How were they?

I’ve opened my fair share of novelty-act shows over the years, after my short performance I’ve gone back stage and been quizzed about the audience by performers who were yet to go on. I remember one partular act whould ask me the same question every show, day after day, week after week and I’d answer the same everytime, it became a slightly odd ritual.

We are subjective judges on how an audience reacts to our work. Circus is a particularly difficult art form to do this real time data collection, we physically cannot give the audience all of our attention, all of the time. We cannot impartially survey our audiences reactions while on stage.

Trying to judge if a group of strangers (who are often in the dark and mostly invisible to the performer) are enjoying our work by the noises they make (often covered my music) is probably not an effective data set worthy of any meaningful analysis.

On top of this, the person doing the data crunching is often the person who has just been collecting the data and is doing this post-show digestion after or during an adrenaline rush. Far from an impartial investigation on how one did and what the audience thought of us/our work.

I find the same when I’ve got off stage after group performances I’ve been in. Often performers who have been in the same piece, onstage at the same time have very different interpretations of how an audience was/enjoyed/understood the show. These opinions seem to have a lose correlation with their own success in the show, if ‘performer X’ had a good show (in terms of executing technique) then the audience was positive, if ‘performer Y’ had a bad show then the audience was negative.

If it’s impossible to get an impartial analysis from being on stage we probably shouldn’t give post show feelings based on our own experience too much attention. But where else can we turn to if we want to learn from our mistakes?  We are forced into a feedback loop which we know is flawed but is the best we can rely on given the budget, time and context which the average circus performer typically finds themselves in.

And this is to say nothing about the artistic quandaries about playing to the gallery.

“Every night, after every Penn & Teller show we’ve ever done, Teller and I go out and meet the audience…

Doing this for forty years has made us different from other entertainers. The only feedback other performers get is onstage, so if a crowd is quiet, other entertainers are bummed. But we go out and talk to people, and often the quietest crowds contain the people who are the most enthusiastic and kind when we meet them after the show, when it’s one on one. When I’m seeing a show, the better it is, the quieter I am. I can barely bring myself to applaud when I’m watching (Bob) Dylan. I’m afraid to lose my concentration, to break the spell. After forty years, Teller and I have grown to trust and enjoy the quiet audiences.

You could point out that this is a self-selected sample— that the people who come up to us and wait to meet us are the few people who liked the show, while the rest of the quiet crowd really hated us. You could say that, and you might be right, but you’d be a prick.

Jillette, Penn. Presto!: How I Made Over 100 Pounds Disappear and Other Magical Tales (Kindle Locations 2004-2014). Simon & Schuster. Kindle Edition. “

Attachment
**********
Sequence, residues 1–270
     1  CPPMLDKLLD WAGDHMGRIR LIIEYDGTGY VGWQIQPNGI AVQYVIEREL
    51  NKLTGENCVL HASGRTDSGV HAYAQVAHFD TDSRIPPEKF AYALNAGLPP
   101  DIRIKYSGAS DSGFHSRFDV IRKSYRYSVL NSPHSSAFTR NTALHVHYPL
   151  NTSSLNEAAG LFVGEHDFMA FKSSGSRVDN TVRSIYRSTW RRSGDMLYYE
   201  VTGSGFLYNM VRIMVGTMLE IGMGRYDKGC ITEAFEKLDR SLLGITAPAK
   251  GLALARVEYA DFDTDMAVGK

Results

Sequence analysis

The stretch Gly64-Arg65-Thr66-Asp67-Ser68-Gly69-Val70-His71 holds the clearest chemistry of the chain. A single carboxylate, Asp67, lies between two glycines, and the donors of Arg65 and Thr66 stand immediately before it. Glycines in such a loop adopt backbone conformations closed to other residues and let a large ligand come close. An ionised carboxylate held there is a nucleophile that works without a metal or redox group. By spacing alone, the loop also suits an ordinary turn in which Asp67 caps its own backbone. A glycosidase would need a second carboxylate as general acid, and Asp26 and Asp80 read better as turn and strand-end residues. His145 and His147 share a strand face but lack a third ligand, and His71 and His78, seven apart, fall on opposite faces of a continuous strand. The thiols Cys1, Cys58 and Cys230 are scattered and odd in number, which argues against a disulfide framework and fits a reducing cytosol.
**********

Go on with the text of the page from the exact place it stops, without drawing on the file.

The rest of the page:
“Quotations”

I aspire to be a skeptical person, but try to step back from brink of cynicism. I struggle to make my mind up on how I feel about the concept of quotations. When I see a vague statement written in fake handwriting on a wall like, “Love is the string to my bow” I can’t help but feel disgusted. Can one really distill the complexities of life into a glib sentence?

Yet, when I come across an idea that has resonance with me I try and find a sentence that concisely sums it up and add it to a quotation note on my phone. Hoping that at some point I’ll read it back and find it useful. A shortcut to the memory of an idea.

At the front of my physical notebook I write a few quotes from my collection. I’ve just started a new notebook and have four quotes from Luke Wilson on the inside cover. I’m only now beginning to work out how I can use them to guide my work.

Perhaps the whole subject of quotations for me boils down to, “I like quotations but only when I’ve curated them.”?


“The technique should be a necessity of the performance.”

“The technique is the major tool that we have to communicate our intent.”

“Innovation is creating the right trick for the right moment.”

“Be aware of what you aim to do.”

Luke Wilson.

 

Remarkable List 3


This is starting to become my yearly ritual. Every 12 months I make a list of remarkable stuff I think worth sharing. It’s really fun to do.

Every so often I send out a short mail with cool links I think worth looking at. If that interests you add your e-mail address here.


5 Things worth enjoying at your desk;


5 Places worth eating/ drinking at;


5 People you should work with;


I hope you get something out of those links, they bring me much cheer.

Have a great 2017.

Remarkable List 2

Here’s my second list on stuff I really enjoy, with new additions from 2015. I hope there’s something new and interesting in there for you. Let me know what you discover.

Watch:

Read:

Listen:

Sit in:

Drink:

Eat:

Use:

Work with

Remarkable List

Stuff I find remarkable in 2014 – Seeking it out and then…

Watch:

Read:

Listen:

Sit in:

Drink:

Eat:

Use: